Wednesday, June 16, 2010


Priest Faces Criticism for Shining Light on Human Rights Abuses in Colombia
By Javier Giraldo
The Washington Post, June 12, 2010
[Photo: Juan Forero/WP]
"The ruling issued this week was one of the most severe ever handed down in Colombia against a member of the security forces: 30 years in prison for a retired army colonel found responsible for the disappearance of 11 people in 1985. And it happened in part because of the tireless work of a mild-mannered Catholic priest, the Rev. Javier Giraldo, who sought out evidence from witnesses and made sure that the relatives of the victims were heard by prosecutors and journalists. For 30 years, Giraldo has been investigating some of the most heinous human rights abuses committed during Colombia's shadowy war and blaming those he says are responsible -- often US-backed security forces. In recent weeks, that work has garnered attention like never before, with his adversaries issuing public threats against the man they call 'the Marxist priest,' and even President Álvaro Uribe leveling criticism against him.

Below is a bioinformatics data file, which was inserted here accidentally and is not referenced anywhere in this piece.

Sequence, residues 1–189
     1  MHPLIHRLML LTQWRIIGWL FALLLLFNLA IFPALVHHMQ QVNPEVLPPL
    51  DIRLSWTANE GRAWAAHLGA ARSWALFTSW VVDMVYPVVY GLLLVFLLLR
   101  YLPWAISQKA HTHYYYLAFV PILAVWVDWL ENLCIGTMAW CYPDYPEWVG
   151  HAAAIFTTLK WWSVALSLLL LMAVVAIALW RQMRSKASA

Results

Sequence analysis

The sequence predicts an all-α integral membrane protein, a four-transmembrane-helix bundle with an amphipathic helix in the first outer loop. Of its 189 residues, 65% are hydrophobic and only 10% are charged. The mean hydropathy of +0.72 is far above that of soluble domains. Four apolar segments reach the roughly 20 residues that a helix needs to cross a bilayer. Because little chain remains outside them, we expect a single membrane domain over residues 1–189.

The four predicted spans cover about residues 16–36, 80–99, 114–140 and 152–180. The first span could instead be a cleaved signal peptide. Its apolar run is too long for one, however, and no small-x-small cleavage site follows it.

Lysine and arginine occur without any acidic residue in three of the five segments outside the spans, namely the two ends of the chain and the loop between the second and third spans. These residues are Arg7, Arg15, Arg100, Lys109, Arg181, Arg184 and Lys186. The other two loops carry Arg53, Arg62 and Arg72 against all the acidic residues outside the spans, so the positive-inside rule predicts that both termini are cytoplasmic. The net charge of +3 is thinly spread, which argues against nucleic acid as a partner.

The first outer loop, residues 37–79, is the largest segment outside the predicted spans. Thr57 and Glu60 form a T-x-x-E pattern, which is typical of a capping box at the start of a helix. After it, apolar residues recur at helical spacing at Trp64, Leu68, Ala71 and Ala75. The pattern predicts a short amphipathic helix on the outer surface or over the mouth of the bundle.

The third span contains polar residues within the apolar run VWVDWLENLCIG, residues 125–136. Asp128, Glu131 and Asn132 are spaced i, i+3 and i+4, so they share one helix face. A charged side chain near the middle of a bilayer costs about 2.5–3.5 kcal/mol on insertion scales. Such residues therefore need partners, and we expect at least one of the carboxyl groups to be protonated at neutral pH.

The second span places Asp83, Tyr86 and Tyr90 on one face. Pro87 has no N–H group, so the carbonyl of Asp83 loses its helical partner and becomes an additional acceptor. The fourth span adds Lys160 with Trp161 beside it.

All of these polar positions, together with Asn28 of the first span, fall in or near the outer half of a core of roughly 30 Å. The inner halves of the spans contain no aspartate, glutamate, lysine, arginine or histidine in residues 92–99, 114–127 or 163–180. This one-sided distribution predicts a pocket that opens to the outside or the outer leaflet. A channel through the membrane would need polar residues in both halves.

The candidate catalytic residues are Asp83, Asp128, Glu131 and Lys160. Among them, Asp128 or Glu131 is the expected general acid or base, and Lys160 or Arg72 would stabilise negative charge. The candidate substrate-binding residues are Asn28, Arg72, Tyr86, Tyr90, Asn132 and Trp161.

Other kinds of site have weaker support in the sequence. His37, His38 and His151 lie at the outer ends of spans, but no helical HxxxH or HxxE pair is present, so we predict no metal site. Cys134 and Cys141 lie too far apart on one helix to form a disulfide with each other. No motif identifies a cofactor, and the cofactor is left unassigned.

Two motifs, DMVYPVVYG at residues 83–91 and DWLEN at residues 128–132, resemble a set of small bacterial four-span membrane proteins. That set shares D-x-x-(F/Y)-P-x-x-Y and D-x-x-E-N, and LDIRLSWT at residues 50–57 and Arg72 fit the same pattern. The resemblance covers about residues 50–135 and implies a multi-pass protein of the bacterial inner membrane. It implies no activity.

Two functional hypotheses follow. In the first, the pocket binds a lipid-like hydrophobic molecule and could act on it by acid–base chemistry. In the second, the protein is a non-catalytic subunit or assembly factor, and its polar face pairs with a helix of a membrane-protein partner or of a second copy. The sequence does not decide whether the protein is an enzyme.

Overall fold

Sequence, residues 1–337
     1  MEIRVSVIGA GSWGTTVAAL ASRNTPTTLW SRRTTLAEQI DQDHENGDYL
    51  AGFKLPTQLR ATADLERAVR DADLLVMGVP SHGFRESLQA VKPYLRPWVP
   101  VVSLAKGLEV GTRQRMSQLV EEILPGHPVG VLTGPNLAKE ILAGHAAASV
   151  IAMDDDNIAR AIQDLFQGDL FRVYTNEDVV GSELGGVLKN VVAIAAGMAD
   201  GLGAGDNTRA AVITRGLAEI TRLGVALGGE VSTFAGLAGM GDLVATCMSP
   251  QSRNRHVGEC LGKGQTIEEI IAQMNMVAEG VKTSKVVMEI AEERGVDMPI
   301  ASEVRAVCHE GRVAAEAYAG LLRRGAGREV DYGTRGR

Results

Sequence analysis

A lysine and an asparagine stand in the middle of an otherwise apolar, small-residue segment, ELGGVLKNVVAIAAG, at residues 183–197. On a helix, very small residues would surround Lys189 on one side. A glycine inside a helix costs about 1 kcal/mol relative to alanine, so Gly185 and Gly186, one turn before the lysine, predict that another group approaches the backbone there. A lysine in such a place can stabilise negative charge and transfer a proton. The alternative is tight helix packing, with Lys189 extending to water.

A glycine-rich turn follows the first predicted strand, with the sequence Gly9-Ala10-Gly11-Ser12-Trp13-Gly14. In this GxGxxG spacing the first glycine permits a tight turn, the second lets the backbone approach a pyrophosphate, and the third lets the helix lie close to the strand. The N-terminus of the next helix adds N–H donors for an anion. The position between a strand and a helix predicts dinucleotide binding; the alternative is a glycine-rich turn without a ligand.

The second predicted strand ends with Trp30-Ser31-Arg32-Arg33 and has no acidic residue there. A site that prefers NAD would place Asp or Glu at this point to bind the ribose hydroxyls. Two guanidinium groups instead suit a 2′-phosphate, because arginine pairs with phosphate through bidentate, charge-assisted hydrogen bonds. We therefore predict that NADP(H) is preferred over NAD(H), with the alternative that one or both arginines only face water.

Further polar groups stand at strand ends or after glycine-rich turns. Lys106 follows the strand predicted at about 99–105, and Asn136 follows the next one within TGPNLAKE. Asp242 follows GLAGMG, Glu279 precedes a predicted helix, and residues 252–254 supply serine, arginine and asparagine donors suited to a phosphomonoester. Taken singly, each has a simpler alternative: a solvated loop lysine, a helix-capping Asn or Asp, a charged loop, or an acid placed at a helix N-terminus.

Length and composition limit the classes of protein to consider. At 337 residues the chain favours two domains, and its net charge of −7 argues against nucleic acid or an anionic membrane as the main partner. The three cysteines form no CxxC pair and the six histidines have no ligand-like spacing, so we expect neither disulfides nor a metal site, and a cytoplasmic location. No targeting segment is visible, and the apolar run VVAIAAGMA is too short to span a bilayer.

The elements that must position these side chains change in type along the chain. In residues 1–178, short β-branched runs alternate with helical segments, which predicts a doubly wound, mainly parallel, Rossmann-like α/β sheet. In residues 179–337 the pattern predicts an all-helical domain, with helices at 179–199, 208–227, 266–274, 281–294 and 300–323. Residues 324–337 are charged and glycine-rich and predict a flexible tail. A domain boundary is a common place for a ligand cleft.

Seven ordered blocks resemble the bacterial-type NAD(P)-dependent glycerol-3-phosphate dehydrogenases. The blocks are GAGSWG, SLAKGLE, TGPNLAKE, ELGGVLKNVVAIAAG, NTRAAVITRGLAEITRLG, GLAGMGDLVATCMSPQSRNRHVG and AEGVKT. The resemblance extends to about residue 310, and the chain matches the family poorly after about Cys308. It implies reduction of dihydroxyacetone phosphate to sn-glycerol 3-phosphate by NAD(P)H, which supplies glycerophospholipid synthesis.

Giraldo's most recent campaign, which resulted in former police major Juan Carlos Meneses,to President Alvaro, to commit murders in a small northern town in 1994. Giraldo accompanied Meneses to Buenos Aires, where he recounted his story in a videotaped meeting with prominent Argentines. ... Giraldo's role in the Meneses case prompted President Uribe to call him 'a useful idiot' of criminal bands out to discredit the administration. A more customary accusation came from Plinio Apuleyo Mendoza, a pro-government essayist who labeled Giraldo a 'nefarious priest' who does the bidding of the country's largest guerrilla army. But others see Giraldo as an almost mythical figure who tirelessly collects evidence about crimes that have gone unpunished. That means urging witnesses to come forward, even soldiers and police overcome by their conscience after participating in atrocities. [...]"

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